13. What you have described only checks for the primary mirror alignment which is the most critical collimation alignment -- the one responsible for coma. However, the method you have described does not evaluate the proper placement of the secondary mirror unless the secondary mirror is grossly (and I mean grossly) misaligned. Jason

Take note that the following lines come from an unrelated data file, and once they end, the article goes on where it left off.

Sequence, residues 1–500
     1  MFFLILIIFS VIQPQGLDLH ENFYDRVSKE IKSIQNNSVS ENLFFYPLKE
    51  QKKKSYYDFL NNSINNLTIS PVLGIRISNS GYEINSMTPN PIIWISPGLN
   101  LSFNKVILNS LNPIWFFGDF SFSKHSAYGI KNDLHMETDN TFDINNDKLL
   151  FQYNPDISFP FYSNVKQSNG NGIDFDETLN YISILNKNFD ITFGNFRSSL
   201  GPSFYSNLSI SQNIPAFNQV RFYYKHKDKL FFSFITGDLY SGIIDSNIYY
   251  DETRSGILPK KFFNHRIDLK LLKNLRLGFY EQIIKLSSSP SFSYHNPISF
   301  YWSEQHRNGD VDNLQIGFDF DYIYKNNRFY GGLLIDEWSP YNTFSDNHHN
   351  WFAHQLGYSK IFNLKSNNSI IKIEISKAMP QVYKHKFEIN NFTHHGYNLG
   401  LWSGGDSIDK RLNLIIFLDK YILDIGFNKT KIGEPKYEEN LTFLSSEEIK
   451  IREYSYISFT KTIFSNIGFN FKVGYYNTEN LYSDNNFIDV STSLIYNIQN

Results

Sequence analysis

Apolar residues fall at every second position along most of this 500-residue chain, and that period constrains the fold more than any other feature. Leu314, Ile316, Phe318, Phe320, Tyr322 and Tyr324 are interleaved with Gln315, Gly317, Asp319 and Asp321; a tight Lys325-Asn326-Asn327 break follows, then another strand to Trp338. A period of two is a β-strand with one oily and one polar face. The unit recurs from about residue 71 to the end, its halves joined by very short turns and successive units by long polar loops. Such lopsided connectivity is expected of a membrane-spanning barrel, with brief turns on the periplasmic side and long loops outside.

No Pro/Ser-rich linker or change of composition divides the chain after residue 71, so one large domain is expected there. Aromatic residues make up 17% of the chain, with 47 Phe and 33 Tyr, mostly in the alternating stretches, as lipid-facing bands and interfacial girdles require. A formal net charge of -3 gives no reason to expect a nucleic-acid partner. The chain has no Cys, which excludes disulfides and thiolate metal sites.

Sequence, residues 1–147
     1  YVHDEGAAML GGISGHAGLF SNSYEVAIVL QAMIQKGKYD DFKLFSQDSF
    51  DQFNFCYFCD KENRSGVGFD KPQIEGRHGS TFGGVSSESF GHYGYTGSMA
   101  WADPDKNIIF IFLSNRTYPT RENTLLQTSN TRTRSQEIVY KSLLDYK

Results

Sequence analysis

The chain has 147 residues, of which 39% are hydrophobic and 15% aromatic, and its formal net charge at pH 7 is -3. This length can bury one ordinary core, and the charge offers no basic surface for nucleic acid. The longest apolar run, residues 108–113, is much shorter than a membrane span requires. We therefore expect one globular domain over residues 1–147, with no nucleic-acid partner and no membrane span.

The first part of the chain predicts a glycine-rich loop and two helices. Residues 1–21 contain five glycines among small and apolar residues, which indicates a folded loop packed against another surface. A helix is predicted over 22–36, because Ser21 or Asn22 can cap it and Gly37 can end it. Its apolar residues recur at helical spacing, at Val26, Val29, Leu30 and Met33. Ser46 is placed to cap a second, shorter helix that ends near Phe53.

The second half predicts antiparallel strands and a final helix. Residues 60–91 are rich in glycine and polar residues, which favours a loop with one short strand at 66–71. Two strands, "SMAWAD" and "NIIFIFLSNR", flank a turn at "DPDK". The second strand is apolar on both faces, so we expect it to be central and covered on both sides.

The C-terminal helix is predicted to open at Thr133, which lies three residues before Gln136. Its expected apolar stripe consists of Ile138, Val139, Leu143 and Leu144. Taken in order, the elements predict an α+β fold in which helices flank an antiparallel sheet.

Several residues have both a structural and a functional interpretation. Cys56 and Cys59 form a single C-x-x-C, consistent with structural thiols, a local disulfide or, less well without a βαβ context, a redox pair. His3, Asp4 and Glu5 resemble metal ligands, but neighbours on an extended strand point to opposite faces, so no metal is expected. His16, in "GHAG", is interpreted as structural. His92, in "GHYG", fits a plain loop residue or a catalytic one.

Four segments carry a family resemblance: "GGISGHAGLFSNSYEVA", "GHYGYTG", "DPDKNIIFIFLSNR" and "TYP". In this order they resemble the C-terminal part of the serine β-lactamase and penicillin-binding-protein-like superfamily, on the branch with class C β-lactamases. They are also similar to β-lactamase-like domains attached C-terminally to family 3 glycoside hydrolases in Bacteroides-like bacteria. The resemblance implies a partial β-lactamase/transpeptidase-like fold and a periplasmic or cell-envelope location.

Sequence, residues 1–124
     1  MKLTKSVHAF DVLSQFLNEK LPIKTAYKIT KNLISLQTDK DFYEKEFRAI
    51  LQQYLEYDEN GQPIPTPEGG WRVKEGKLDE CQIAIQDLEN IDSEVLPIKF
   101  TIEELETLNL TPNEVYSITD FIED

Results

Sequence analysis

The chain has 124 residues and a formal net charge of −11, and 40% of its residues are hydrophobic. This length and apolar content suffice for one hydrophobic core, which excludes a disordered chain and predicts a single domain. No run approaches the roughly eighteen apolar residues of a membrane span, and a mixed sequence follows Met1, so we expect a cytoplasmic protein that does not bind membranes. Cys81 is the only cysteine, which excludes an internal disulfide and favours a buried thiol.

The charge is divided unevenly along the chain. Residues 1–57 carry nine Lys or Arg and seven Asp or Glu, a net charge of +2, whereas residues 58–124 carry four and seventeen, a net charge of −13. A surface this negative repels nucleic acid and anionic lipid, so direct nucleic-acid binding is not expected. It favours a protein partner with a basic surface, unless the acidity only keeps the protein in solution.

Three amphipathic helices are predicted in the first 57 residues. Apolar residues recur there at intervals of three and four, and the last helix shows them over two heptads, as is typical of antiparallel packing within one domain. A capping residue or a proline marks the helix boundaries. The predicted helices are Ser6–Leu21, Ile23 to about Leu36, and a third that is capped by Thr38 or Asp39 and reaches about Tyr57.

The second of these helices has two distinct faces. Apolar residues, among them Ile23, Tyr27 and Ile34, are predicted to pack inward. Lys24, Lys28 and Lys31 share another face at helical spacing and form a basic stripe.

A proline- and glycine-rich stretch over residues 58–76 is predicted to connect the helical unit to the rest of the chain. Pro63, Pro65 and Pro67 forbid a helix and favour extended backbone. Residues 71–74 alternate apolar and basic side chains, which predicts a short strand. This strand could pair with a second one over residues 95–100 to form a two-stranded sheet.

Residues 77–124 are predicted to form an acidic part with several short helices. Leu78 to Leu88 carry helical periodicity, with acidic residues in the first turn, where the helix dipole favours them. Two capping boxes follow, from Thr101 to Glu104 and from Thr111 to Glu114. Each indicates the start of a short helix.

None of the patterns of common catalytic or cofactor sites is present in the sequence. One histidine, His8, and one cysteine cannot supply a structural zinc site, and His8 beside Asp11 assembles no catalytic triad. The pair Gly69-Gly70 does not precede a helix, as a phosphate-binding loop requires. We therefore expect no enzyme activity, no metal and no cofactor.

14. I presume the middle figure below matches your concern when mounting a secondary mirror without an away-from-focuser offset , am I correct? That is, as shown in the same middle figure, part of the reflected star light cone will miss the secondary mirror unless it is either properly offsetted away-from-the-focuser or the secondary mirror is large enough to intercept the whole reflected light cone, am I still correct? Well, this is a common misconception!!! If the secondary mirror is mounted with the proper away-from-focuser offset then you will get the left-hand side figure which is the "intuitive" picture we have in mind when we think of the reflected cone. However, when the secondary mirror is mounted without any away-from-focuser offset then we can still intercept the whole light cone as shown in the right-hand side figure. As we go through the collimation steps, we will end up tilting the primary mirror towards the focuser without even knowing it. Now the central star in the FOV is not the one intercepted by the OTA axis and our setup will intercept the whole reflected light cone of the FOV central star. Both methods of secondary mirror mounting will provide perfect collimation if the proper steps are followed as shown below: There is one exceptions when it is desired to mount the secondary mirror with the proper offset which is to improve DSC accuracy but the benefit is small. There are two exceptions when it is a MUST to mount the secondary mirror with the proper offset which are: 1- When tilting the primary mirror causes the incoming parallel light to be clipped by the OTA edge. This only happens with the OTA opening it too tight -- as large as the primary mirror. 2- When the Newtonian has a corrective lens mounted at the OTA opening but most Newtonians do not have it. One more thing, it is typical for off-center stars to have their reflected light cones clipped by the secondary mirror even for a perfectly collimated scope as shown below: Jason EDIT: Added missing last attachment